Lawmakers Strive to Speed Benefits for Flood Victims

By Robert L. Koenig Post-Dispatch Washington Bureau | St Louis Post-Dispatch (MO), October 22, 1993 | Go to article overview

Lawmakers Strive to Speed Benefits for Flood Victims


Robert L. Koenig Post-Dispatch Washington Bureau, St Louis Post-Dispatch (MO)


Frustrated by bureaucratic snags that are delaying buyouts and other help for flood victims, some legislators and White House officials are trying to "clear away the underbrush."

The first swipe at the red-tape snags comes next week, when the House Public Works Committee considers bills by Missouri and Illinois legislators that aim to streamline and expand buyout programs.

At the same time, White House officials - who are getting complaints from impatient victims of the Flood of '93 - are moving to shorten some of the delays that have caught thousands of Midwesterners in a bureaucratic limbo while awaiting aid programs.

Federal flood programs "need to become a lot more user-friendly," said Kathleen McGinty, director of the White House environmental policy office. She is co-chairwoman of a group that is laying out the whole smorgasboard of federal aid programs for flood victims

"An awful lot of communities are expressing interest in relocation, buyouts or other alternative methods of flood control," McGinty said. "We've found ourselves to be coming up a little short, so we're redoubling our efforts to be more responsive."

Although one White House-led group is developing some long-range suggestions to revamp river and flood-plain management in the Upper Mississippi Basin, other groups are working on short-term goals. Among them:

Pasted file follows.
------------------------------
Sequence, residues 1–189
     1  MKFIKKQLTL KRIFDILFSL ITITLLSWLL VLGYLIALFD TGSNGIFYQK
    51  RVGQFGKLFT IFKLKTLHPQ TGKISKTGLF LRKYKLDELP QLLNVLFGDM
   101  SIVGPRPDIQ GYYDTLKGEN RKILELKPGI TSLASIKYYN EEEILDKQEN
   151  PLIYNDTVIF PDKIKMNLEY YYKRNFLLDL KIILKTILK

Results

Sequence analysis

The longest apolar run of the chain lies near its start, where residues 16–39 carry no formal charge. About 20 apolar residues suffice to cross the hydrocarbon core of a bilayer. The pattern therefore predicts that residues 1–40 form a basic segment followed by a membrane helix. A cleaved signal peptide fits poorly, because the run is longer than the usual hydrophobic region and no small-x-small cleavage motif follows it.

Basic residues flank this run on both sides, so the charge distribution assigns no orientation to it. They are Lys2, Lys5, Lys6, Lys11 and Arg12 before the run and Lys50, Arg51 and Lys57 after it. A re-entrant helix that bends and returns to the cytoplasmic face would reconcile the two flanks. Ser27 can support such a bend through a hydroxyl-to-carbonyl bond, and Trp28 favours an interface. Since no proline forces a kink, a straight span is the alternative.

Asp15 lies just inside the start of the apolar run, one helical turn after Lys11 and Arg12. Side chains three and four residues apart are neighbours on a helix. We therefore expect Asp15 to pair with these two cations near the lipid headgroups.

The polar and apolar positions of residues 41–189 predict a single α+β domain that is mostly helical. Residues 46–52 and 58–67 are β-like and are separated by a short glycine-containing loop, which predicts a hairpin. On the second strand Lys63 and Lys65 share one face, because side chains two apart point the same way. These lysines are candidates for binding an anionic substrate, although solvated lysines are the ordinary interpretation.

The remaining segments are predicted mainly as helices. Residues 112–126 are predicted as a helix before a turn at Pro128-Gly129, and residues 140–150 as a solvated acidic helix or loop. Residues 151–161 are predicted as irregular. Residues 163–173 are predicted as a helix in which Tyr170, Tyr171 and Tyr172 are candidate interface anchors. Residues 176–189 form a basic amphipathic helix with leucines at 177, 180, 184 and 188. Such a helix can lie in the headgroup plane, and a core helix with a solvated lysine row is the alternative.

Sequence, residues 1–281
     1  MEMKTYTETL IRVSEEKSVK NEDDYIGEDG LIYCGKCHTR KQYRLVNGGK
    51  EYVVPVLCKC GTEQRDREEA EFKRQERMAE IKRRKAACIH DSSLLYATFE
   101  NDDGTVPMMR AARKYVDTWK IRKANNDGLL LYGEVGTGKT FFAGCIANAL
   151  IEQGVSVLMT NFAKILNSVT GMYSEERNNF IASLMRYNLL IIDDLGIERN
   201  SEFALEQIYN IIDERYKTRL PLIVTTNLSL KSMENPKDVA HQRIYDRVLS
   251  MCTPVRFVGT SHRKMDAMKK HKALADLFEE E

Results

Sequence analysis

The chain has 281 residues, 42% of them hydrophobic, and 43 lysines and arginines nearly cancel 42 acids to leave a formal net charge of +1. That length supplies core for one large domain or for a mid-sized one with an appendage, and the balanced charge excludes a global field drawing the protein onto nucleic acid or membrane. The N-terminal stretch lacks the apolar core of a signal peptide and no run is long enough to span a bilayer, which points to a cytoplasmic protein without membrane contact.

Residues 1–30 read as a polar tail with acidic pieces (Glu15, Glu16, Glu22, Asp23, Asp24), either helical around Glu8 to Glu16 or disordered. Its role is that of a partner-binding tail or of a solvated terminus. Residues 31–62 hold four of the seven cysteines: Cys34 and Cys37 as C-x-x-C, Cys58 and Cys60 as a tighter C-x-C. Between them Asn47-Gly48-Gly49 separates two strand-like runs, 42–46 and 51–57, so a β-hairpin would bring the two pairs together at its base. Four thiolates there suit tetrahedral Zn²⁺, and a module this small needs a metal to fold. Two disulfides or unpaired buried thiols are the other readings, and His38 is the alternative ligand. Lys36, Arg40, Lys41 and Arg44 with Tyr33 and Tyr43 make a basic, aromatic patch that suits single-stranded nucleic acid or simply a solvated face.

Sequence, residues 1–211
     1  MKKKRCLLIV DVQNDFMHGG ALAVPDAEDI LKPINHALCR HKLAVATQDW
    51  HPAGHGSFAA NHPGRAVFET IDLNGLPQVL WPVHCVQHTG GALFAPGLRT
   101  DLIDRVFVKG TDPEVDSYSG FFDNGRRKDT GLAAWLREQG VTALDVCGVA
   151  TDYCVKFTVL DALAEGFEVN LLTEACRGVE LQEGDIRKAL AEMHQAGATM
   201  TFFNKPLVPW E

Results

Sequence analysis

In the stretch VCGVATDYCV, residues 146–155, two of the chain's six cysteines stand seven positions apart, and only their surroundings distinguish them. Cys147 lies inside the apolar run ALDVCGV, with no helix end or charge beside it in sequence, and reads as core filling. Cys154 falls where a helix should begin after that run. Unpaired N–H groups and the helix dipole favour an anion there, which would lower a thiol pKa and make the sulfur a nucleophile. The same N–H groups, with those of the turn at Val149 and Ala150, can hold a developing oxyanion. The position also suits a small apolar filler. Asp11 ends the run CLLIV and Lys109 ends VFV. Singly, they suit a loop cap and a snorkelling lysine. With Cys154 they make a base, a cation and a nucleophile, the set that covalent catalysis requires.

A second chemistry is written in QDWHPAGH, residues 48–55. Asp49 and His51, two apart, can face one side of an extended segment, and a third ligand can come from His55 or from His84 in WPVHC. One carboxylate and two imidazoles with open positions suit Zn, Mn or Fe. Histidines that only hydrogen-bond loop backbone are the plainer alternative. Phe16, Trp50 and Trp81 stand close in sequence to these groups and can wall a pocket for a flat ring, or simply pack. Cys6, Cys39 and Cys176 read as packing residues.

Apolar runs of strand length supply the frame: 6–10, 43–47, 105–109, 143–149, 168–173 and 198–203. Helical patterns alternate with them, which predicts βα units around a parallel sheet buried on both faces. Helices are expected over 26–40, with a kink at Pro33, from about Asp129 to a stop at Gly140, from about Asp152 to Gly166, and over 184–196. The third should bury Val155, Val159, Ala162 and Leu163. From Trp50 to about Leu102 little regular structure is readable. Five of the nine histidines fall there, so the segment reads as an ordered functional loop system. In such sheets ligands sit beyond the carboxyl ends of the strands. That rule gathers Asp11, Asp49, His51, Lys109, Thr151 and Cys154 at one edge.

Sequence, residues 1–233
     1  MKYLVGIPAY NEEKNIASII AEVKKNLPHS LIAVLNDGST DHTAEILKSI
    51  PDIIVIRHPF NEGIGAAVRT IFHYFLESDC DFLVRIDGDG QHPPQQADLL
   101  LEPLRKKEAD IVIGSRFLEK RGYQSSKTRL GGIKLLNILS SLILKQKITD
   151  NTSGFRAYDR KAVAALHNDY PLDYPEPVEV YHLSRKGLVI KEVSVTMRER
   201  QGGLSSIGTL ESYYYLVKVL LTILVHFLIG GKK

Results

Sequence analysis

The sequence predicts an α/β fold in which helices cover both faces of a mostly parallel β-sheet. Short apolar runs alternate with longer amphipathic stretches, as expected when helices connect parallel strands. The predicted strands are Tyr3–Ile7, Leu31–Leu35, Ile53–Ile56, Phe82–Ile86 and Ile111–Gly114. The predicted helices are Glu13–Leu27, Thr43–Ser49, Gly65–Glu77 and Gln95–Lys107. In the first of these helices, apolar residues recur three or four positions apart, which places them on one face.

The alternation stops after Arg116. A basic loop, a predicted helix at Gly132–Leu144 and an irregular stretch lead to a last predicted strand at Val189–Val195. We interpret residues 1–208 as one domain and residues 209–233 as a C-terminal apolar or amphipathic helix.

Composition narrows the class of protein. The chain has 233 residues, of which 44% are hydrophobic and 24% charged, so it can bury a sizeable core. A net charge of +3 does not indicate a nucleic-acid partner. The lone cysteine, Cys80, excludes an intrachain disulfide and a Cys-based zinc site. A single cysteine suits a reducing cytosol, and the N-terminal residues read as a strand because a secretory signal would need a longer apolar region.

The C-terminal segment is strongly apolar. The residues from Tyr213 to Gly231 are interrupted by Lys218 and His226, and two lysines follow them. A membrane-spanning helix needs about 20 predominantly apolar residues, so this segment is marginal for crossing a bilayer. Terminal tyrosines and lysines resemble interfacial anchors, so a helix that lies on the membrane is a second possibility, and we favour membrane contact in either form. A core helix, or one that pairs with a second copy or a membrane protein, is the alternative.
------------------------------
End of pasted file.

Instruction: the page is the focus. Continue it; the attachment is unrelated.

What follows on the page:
Providing state and local flood officials with a "flood smorgasbord" - an exhaustive list of every federal program or "policy tool" that can be linked together to help flooded communities and farms.

Ordering every federal agency that has studied the Upper Mississippi Basin to assemble all their information into a comprehensive data base that will give policy-makers a full picture of the options for changing the way the river basin is managed.

That information, to be distributed to state, local and federal officials, would include the Army Corps of Engineers' levee data, the U.S. Fish and Wildlife Service's suggestions for wetlands and other potential wildlife habitats, and the Agriculture Department's maps of croplands and soil types.

"From the start, our top priority has been to give as much help, as fast as possible, to the flood victims," said Oleta C. Fitzgerald, the top flood aide to Agriculture Secretary Mike Espy. President Bill Clinton appointed Espy to coordinate the federal flood effort.

But now that most of the flood water has receded, the government has begun to focus on the tangle of longer-range issues. Fitzgerald said the administration wanted to "prioritize the need, and be as creative, efficient and effective as possible" in helping out.

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